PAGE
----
A few weeks back we went over some of the larger trends in the auto industry. One of these was in regards to automakers pulling for more talent form the tech sector in Silicon Valley in order to compete with Silicon Valley themselves. Automakers don’t have to just race one another they have to compete with the likes of Apple Inc., Uber Technologies Inc. and Alphabet Inc.’s Waymo. All regarding advances in autonomous driving and alternative energy cars. According to Forbes, the Detroit 3 and other car companies are opening about 5,000 U.S. jobs in software and electronics product development. That makes up an estimated of 1/3rd of their unfilled positions according to estimates consultant AlixPartners (AutoNews).
A big advantage that automakers have over Silicon Valley is their ability to put new products on the road faster than tech companies. That is appealing towards auto-techies in the job market. All the more is that many tech and engineering grads ready for a career may find cost of living in Detroit much more reasonable than put in California.
New Blood is the Life Blood of Every Company’s Blood
In a new push to bring in young talent straight out of school, Detroit is currently undergoing a huge Silicon Valley makeover. GM is reportedly is spending $1 billion in order to renovate their 60-year-old Technical Center in the Detroit suburb of Warren. Meanwhile Ford is set to upgrade their 1950s-era Dearborn campus to add green spaces, walking trails and trendy eco-friendly designs, such as a cylindrical glass tower they call a “Sustainability Showcase.”
There are even reports of auto companies adopting the more casual atmosphere of silicon valley startups such as a “work in your pajamas option.”
Of course it remains to be seen if this will work. The Detroit automakers have often been criticized for still holding on to older ways of thinking. For instance Auto News reports that some car companies may yet still prefer to offer competitive benefits and salaries as opposed to more unorthodox incentives or big bonuses.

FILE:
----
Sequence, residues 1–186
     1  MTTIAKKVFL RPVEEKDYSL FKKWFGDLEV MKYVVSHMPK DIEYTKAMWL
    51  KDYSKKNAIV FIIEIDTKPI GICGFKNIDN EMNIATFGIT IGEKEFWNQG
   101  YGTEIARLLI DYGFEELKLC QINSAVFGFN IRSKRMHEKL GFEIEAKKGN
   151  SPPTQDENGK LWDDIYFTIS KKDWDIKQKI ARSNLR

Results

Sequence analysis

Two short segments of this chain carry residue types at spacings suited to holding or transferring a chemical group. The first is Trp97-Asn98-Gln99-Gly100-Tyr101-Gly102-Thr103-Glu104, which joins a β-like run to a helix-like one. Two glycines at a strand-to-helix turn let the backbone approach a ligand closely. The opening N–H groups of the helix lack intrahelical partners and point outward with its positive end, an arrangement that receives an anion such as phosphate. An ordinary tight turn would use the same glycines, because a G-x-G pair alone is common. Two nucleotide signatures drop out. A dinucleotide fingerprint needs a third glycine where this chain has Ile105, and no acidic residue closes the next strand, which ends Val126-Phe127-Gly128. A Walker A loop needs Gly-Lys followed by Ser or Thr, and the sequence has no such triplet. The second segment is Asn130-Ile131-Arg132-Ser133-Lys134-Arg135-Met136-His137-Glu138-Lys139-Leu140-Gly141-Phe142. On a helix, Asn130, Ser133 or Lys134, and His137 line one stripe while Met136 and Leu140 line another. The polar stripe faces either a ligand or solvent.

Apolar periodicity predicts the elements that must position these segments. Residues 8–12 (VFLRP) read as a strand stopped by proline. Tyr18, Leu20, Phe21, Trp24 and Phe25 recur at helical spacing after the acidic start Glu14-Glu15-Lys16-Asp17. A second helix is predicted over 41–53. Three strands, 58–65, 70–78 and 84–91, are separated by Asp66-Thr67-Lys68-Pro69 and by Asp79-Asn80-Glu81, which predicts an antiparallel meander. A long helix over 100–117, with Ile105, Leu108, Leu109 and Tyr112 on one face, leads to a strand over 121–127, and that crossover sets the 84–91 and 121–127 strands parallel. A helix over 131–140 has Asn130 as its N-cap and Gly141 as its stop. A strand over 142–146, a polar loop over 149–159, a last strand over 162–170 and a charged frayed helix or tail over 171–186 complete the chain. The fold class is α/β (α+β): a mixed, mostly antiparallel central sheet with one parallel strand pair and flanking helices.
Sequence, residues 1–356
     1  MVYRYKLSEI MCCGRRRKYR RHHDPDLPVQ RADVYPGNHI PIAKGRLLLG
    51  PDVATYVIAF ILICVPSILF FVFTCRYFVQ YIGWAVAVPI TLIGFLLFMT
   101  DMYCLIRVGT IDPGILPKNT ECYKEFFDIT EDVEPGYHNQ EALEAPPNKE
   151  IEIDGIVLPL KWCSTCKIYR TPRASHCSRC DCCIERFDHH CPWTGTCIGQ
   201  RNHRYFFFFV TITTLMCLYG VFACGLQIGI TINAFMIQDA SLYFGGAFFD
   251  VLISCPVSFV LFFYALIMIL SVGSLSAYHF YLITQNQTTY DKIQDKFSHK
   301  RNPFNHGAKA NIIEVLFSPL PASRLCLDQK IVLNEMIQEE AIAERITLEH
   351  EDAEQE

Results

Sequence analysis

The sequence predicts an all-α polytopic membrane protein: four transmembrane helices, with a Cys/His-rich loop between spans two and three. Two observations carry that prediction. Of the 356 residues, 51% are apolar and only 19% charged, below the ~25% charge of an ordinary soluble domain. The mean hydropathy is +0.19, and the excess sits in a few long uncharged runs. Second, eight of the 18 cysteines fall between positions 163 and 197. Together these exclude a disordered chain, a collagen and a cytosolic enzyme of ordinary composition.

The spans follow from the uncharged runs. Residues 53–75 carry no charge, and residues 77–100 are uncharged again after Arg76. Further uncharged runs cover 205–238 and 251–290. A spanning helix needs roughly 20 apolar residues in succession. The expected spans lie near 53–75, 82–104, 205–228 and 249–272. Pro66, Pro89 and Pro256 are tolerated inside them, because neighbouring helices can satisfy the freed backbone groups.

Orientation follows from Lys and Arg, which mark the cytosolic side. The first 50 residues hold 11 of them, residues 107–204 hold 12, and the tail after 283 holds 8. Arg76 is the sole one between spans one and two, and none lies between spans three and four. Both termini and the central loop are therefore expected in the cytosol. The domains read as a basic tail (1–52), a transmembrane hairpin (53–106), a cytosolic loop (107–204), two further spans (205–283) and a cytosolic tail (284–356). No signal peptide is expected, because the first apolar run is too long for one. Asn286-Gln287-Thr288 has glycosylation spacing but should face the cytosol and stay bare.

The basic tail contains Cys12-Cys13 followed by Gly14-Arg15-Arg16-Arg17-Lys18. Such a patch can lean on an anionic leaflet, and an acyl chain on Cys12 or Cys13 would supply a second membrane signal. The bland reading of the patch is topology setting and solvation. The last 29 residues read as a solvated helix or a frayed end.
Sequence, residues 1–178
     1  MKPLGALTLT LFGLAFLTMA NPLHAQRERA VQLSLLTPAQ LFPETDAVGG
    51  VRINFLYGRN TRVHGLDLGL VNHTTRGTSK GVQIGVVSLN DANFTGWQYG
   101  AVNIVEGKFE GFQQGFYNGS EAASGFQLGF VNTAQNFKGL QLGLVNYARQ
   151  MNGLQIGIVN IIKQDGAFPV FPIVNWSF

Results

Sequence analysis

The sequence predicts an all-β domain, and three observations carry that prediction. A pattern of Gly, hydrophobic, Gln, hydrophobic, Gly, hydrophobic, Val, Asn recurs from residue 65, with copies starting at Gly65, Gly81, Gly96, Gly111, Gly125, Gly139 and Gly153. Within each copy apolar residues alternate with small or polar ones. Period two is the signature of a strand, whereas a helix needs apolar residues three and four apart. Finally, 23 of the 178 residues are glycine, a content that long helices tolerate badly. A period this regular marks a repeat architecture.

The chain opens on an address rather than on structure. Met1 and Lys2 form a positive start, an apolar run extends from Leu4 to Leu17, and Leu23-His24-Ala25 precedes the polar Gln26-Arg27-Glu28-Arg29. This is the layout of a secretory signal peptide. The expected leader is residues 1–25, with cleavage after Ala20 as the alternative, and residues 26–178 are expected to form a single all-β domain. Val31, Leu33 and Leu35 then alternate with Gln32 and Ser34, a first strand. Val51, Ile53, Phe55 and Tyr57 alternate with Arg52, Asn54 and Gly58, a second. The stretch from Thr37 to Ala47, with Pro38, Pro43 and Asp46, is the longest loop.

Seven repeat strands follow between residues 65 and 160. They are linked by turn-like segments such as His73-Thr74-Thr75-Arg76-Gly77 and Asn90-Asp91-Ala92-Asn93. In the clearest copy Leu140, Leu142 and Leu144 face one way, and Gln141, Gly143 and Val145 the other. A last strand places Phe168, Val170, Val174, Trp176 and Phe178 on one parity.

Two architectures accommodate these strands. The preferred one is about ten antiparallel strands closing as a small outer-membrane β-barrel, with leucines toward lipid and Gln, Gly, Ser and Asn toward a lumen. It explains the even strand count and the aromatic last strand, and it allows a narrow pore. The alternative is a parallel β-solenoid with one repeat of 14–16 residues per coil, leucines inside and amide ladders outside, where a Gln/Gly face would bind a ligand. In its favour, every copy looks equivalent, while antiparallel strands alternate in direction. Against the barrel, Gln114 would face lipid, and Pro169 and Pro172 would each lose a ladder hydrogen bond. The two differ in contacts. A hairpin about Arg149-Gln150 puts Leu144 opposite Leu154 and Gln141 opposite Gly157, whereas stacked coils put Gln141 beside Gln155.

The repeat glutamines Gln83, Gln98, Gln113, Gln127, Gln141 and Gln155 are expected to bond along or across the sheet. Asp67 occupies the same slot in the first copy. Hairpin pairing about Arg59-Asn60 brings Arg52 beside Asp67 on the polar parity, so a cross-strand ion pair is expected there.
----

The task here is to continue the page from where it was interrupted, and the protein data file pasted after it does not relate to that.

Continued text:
Some automakers just flat-out disagree with this strategy. Sergio Marchionne, CEO of Fiat Chrysler Automobiles, has been on the record that trying to replicate Silicon Valley in Detroit is a fool’s errand. While Fiat Chrysler has formed a partnership with Waymo to convert Chrysler Pacifica minivans into robot taxis, Marchionne says:
“I have no intention of re-creating Silicon Valley in Michigan, to develop it internally and try to replace the creativity and level of capital that’s being attracted by Silicon Valley would send any car company into bankruptcy.”
Meanwhile Ford and GM are set on this big gamble. In the case of Ford, they just picked up 400 employees from BlackBerry in an effort to create wireless technology That is roughly doubling the number of connected-car engineers at the automaker. They have also acquired the self-driving startups Argo AI, Velodyne LiDAR Inc. and Pivotal Software Inc.
Meanwhile, GM snapped up the self-driving software startup Cruise Automation last year. This was before they nearly tripled that company’s staff to 150. As of this writing they are having a big expansion in their San Francisco office to 1,100 engineers. This info was recovered from a publicized application made to California’s Economic Development Board.
So is Detroit wise to go all in on the Silicon Valley upgrade? Or are CEOs like Marchionne correct in that working WITH Silicon Valley as opposed to competing is the right way? Sound off below.